In the morning, I found a Firestone Tire Center. The tech checked all 4, and guess what?....the 2 tires on the passenger side were overinflated to 48 psi! Wow. Come to find out that "wheel speed" TPMS can only sense differences, and reports over-pressure as low-pressure. As I drove off from Firestone, the console invited me to recalibrate the TPMS with a few button presses -- and that was that. Day 1 (see photo) took me through about a dozen thunderstorms -- it would be an understatement to say that I got mother nature's premium carwash. This was mid-summer, and extreme weather was visiting the Ohio Valley...we're talking tornados and hailstorms. I made a tactical decision to veer north from Harper's Ferry (western Maryland) towards Pittsburgh and Cleveland. The worst I got was drenching rains.
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    I made it to St. Charles IL, a little west of Chicago by 8 pm.

    The bluetooth phone feature is very handy, and made it easy to book a cheap motel while driving the last 30 minutes. It also came with the NAV feature, which is so-so. The mapping app on your cellphone is far superior with its touch gesture user-interface and advanced search features.

    Day 2 was a straight shot to my friend's house in Minnesota with perfect weather. It having been 40 years since I last drove cross-country, it was a surprise how major sections of Interstate 80 are now toll roads. During the last hour, however, I got hit with a new console message: "ABS System Service Needed". Now what? Am I vexed? The car was running fine, so just kept on going and pulled in on time for a home-cooked dinner.

    A relaxed weekend with perfect weather of boating, bowling, hiking, art gallery and home cooking kept my mind off the ABS error. I did hook up my OBD-II (iCarSoft i906), but it only reads out ECM ABS codes can be retrieved.

    We shoved off for Colorado at the break of day, planning to pack in all 1030 miles during daylight hours (summer solstice being a few weeks off). We both like listening to NPR radio, and I found it very easy to hop NPR local stations as they come in and out of range, always low on the FM band. The ABS light came back on somewhere in Iowa but with no symptoms -- my understanding of ABS is that it's only deployed in an emergency braking situation.
    When we stopped for lunch, and were leaving the parking lot, something entirely unexpected happened!

    We were rolling along at only 5 mph when we felt these rhythmic thumps coming from the front of the car. I was behind the wheel, and we looked at each other in disbelief. WTF? It felt like the left front wheel were suddenly square-shaped! That's the image that sprang to mind. A square wheel thumping as it awkwardly rolled forward!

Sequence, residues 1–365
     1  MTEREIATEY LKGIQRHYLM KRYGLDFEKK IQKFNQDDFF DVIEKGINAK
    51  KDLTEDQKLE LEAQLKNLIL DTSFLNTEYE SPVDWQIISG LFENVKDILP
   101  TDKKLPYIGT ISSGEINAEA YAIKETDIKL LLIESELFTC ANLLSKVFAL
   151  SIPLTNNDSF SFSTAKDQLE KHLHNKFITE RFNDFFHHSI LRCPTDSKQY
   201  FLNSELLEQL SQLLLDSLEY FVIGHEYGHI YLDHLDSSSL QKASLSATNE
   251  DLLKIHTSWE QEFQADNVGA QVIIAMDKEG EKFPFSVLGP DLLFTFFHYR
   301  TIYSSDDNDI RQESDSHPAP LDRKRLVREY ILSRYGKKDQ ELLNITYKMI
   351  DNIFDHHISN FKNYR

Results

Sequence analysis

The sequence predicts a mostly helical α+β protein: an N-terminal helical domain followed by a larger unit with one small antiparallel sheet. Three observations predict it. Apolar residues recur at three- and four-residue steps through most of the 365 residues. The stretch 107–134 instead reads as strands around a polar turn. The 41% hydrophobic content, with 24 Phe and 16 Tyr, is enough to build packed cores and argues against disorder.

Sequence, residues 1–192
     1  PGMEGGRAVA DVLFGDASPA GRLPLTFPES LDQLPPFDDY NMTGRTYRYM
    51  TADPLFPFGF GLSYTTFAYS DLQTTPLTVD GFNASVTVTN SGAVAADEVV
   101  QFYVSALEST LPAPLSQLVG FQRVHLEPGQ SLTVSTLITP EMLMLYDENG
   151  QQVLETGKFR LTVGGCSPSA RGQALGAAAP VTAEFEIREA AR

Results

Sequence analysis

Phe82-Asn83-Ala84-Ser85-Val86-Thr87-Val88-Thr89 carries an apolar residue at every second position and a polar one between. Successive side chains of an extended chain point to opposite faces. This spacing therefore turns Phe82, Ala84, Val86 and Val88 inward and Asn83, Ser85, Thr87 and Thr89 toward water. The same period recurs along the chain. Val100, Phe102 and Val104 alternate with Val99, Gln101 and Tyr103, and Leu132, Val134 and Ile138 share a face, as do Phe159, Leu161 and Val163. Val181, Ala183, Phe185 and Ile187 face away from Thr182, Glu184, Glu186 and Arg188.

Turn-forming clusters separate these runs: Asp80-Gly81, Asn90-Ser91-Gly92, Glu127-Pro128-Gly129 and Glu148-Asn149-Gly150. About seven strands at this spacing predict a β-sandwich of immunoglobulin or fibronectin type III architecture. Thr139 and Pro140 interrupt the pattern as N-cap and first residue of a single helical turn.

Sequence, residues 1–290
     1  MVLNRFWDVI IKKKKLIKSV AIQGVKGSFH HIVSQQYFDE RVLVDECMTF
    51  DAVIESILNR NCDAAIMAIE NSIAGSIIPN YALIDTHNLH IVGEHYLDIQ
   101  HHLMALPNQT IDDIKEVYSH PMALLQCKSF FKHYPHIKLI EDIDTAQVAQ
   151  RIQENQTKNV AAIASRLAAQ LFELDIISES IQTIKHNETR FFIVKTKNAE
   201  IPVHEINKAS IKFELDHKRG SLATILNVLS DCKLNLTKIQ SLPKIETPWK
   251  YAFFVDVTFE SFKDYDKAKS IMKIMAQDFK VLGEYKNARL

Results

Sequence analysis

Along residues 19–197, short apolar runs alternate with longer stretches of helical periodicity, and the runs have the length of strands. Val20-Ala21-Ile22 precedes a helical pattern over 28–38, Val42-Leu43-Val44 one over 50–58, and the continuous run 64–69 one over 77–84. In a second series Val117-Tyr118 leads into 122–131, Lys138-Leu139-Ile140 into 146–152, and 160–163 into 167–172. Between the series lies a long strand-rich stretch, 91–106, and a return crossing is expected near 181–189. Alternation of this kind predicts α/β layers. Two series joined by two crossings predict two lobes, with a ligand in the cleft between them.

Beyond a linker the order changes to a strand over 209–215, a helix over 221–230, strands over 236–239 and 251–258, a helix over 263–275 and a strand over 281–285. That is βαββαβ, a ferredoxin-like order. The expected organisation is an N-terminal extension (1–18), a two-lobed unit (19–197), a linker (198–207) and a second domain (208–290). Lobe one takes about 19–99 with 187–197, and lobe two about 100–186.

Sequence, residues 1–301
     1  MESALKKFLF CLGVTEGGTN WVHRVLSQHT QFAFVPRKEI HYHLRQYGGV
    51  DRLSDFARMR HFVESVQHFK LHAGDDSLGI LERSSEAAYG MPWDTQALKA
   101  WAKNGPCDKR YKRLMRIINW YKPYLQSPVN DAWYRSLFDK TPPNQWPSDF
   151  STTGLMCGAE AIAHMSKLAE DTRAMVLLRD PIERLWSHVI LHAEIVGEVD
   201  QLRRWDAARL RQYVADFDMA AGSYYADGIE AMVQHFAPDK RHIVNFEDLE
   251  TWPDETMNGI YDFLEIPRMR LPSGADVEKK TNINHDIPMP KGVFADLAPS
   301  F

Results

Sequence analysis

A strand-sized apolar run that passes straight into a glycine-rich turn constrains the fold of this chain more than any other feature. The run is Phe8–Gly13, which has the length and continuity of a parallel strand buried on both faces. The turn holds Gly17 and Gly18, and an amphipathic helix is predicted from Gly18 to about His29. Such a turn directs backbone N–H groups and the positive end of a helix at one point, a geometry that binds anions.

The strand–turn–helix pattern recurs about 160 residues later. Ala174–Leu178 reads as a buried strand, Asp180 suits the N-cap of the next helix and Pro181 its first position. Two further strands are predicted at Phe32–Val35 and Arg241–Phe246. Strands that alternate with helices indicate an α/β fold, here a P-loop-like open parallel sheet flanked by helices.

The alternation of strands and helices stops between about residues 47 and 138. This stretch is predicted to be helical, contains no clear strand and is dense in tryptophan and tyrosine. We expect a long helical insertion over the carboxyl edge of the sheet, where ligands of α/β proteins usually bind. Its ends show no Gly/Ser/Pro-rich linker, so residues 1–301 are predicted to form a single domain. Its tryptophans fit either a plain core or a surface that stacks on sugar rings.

We shut down the engine and restarted again. Once again, we couldn't get out of the parking lot....thump...thump...thump. We traded ideas for a good 5 minutes. ABS?....OK....when ABS kicks in during an emergency-stop, it takes rhythmic "bites" of braking pressure to keep the wheel from locking up and going into a skid. Maybe the thumps were the ABS firing off emergency braking?......but at 5 mph? OK, but only if the ABS were seriously confused about how fast we were moving. The Hall Effect wheel sensor monitors tiny magnetic pulses as the wheel turns to measure axle speed....what if the wheel sensor were bad? That's the best we could come up with (which turned out to be correct).

    Meanwhile, what to do? We decided to try restarting and getting out on the road again without applying the brake, on the hunch that the ABS malfunction might only occur while braking at slow speeds. That turned out to work. In fact, there wasn't another glitch all day. But, with another 1200 miles to drive alone after Boulder, I took to the bluetooth phone and called Swedish Motors in Boulder and made an appt. for the next day.

    As we got near Omaha on the Iowa side, local flooding of the Missouri River forced a 30 mile detour. When we finally made it to the I-80 bridge crossing,
    a biblical downpour broke open...visibility was barely 25', which is tricky moving at 60 mph. Midwest drivers are used to these things, and slide into a very orderly 50 mph. where everyone stays in lane and nobody attempts passing. The downpour made for 20 minutes of very intense city-interstate driving....and another premium carwash.

    We had been watching the forecast for extreme weather since morning....northeastern Colorado was forecasting tornadic waterspouts, 60 mph winds and hailstones just about the time we'd be passing through. There's a major problem. The last thing I want to run into is a hailstorm denting my new car. Yet, there is no cover for hundreds of high prairie miles, no nearby bridge to take cover under. We had detailed doppler maps on the cellphone as we came up to the CO border. What we saw was rather amazing. The storm had split into two storms, with a narrow passage tunnel between them perfectly aligned with I-76! Also, the storms were racing toward us at 80 mph, and we were approaching them going 80 mph, so according to Einstein's Relativity, we and the storm would pass each other at 160 mph, meaning it would be somewhat brief. We decided to go for it.